2019 Fentress Global Challenge winners announced

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Fentress Architects has revealed the winners of the 2019 Fentress Global Challenge, the seventh edition of its international student architecture competition.

This year’s challenge was to envision the Airport of the Future in the year 2075, and attracted more than 500 registrations, with competitors coming from more than 50 countries. With their designs, participants sought to improve every aspect of the airport passenger terminal building, focusing on mobility, urbanization, globalization, technology, flexibility, security, project feasibility, and the passenger experience.

The first prize was won by Daoru Wang, of North Carolina State University, Raleigh, for Infinity Airport. According to Wang, the design was intended to improve the efficiency of airport typology, and involved an intensive study of aircraft traffic flow and development of the concept of a ‘drive-through airport’.

Wang added, “Taking inspiration from the torus knot, which appears like two overlapping Infinity symbols, the general shape of the airport combines the complexity of the form and the ideology of Infinity by creating the circular and endless concourse system.”

Second prize went to Samantha Pires of New Jersey Institute of Technology, Newark for the Newark Airport Biophilic Headhouse and Community Nexus.

Pires explained, “The project uses this rail access and a consolidated terminal to explore ideas defined by economic analyst John Kasarda, author of the aerotropolis. The aerotropolis is a conceptual type of urban form, with the airport as the center of the metropolis.

“This project applies the concept of the aerotropolis and proposes that the Airport of the Future is one that brings economic development to the community that it serves. It proposes that the Airport of the Future should not be governed by the fear and ‘security theater’ that runs modern airports, but that it should be a place for community engagement, job opportunities, and a catalyst for neighborhood development and benefit.”

Winner of the third prize was Christopher Johnson, University for the Creative Arts, Farnham, UK, for LondonHeathrow2075. He said of his design, “A new airport concept typology explores future technological trends and smart cities to connect humanity directly to generate a new urban fabric within the existing airport landmass of Heathrow. A drive-through concept that sits below the airport terminal allows aircraft traffic and waiting times to be reduced.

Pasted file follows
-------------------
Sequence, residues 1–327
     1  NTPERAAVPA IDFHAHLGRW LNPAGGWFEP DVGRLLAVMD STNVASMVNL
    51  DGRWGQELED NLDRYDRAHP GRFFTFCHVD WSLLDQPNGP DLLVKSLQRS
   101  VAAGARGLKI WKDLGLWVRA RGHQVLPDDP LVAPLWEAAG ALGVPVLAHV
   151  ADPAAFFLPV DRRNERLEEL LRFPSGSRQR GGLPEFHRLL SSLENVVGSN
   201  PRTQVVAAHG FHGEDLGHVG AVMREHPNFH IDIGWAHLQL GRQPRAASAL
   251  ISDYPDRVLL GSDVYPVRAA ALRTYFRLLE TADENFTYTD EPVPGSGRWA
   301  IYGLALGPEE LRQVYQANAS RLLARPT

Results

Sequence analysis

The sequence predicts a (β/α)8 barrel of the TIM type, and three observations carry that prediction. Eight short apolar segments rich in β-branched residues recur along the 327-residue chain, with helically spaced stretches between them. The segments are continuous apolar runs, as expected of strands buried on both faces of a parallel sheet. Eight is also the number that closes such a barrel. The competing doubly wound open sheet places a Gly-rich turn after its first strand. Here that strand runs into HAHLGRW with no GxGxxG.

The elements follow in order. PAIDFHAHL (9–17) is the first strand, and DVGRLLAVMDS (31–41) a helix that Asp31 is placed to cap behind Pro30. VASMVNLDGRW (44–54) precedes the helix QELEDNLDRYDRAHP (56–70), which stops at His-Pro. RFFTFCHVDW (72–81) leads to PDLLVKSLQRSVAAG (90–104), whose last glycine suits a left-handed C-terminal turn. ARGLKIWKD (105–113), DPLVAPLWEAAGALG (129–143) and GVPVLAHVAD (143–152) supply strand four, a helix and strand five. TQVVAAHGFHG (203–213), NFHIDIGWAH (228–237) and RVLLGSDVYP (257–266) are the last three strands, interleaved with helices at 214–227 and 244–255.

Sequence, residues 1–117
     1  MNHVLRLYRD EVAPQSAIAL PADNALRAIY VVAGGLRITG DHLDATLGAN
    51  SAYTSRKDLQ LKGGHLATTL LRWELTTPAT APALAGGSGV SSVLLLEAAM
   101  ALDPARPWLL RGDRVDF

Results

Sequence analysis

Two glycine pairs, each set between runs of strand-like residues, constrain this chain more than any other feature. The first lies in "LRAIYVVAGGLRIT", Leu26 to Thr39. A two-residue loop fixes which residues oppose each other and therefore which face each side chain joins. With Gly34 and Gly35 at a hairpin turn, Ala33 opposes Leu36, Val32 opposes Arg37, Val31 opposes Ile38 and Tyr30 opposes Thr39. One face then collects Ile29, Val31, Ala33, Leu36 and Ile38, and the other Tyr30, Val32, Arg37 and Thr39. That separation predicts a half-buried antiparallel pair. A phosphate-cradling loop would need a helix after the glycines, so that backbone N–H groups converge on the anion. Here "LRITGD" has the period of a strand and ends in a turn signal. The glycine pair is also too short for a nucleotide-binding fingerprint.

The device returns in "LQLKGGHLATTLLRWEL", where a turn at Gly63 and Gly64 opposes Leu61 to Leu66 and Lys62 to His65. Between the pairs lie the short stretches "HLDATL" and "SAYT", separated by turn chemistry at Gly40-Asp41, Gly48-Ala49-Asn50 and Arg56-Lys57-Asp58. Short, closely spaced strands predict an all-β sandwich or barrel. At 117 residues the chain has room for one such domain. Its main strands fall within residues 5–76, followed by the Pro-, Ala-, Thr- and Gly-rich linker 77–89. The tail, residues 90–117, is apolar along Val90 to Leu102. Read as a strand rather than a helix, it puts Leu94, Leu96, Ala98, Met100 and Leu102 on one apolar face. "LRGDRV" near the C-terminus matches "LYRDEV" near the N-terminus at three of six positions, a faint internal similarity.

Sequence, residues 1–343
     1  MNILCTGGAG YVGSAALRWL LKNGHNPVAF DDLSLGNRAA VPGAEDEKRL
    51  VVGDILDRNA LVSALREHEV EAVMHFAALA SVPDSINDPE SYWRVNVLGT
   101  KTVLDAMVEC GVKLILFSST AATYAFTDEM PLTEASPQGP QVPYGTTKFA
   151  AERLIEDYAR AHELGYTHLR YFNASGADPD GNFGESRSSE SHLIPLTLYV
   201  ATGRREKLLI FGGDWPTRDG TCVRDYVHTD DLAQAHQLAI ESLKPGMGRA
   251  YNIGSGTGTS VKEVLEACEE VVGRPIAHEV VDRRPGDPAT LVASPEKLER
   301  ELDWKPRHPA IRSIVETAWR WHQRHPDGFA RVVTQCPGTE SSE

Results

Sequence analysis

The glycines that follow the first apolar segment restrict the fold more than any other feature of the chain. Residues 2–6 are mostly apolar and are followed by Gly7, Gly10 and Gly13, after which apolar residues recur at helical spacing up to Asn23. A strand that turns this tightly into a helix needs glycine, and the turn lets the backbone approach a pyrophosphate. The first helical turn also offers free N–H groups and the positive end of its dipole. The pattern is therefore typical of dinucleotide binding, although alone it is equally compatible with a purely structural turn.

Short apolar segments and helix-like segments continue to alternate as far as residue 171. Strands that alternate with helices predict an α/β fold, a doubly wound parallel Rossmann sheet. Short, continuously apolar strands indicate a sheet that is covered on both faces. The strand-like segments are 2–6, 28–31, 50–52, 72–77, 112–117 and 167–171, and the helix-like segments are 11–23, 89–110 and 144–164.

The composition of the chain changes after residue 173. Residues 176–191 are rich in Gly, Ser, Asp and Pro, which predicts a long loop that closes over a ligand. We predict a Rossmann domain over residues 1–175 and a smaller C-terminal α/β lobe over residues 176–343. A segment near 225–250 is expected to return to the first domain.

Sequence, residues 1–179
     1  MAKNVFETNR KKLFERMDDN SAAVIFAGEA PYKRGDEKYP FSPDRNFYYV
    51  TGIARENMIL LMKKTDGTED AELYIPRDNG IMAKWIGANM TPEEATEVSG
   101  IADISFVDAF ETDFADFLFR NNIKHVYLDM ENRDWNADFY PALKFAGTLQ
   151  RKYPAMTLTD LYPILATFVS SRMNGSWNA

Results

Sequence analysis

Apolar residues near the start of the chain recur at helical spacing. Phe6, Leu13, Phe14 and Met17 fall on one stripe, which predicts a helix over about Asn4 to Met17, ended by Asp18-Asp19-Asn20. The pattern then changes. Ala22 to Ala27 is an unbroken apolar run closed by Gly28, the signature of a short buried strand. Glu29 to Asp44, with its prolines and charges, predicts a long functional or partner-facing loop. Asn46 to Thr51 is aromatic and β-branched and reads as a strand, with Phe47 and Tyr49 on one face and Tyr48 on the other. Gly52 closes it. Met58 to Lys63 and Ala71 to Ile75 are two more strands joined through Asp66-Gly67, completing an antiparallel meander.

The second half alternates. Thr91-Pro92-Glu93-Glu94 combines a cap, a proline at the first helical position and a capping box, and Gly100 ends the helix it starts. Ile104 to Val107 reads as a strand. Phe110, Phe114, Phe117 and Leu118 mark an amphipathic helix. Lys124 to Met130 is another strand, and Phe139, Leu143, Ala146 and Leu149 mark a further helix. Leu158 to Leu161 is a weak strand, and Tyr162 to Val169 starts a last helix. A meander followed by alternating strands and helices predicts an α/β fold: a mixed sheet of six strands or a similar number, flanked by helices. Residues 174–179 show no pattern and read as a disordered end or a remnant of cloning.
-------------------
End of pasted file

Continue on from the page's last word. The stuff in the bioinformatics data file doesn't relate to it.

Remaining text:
“Technological innovations suggest a reduction in physical passports, security and immigration as it moves to an online environment. An international zone that lives within a country that provides free roam to visitors and guests creates a global destination that re-invests in the notion of the UK’s stance on the global market.”

The 2019 People’s Choice Awards, run on Fentress Architects’ Facebook page, reaching hundreds of thousands of people. Shortlisted participants ran their own social media marketing campaigns to generate thousands of likes. In first place, with more than 2,800 votes, were Chai Yi Yang and Ng Yi Ming of the University of Malaya, Kuala Lumpur, Malaysia, followed by Riki Rozenberg, Evelyn Kreslavsky and Mai Whiteson of Tel Aviv University, Tel Aviv, Israel, with 2,500 votes.

“Each year, the Fentress Global Challenge captures the creativity of young talent as contestants conceive innovative design ideas that create a better physical environment for our future world. The critical thinking and quality of ideas presented in this year’s competition were no exception; the entries were absolutely stunning,” summed up Curt Fentress, principal in charge of design at Fentress Architects.

First prize is US$10,000 and the opportunity to receive the award from Curt Fentress at a prestigious architectural event. Second place will receive US$3,000, third place USD$2,000, and the two People’s Choice Awards will receive USD$1,000 each.

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Tara has worked for UKi Media & Events since 2013, initially as a freelancer. She has been a journalist for over a decade and has worked for a range of publications, including Personnel Today, Management Today and The Grocer.

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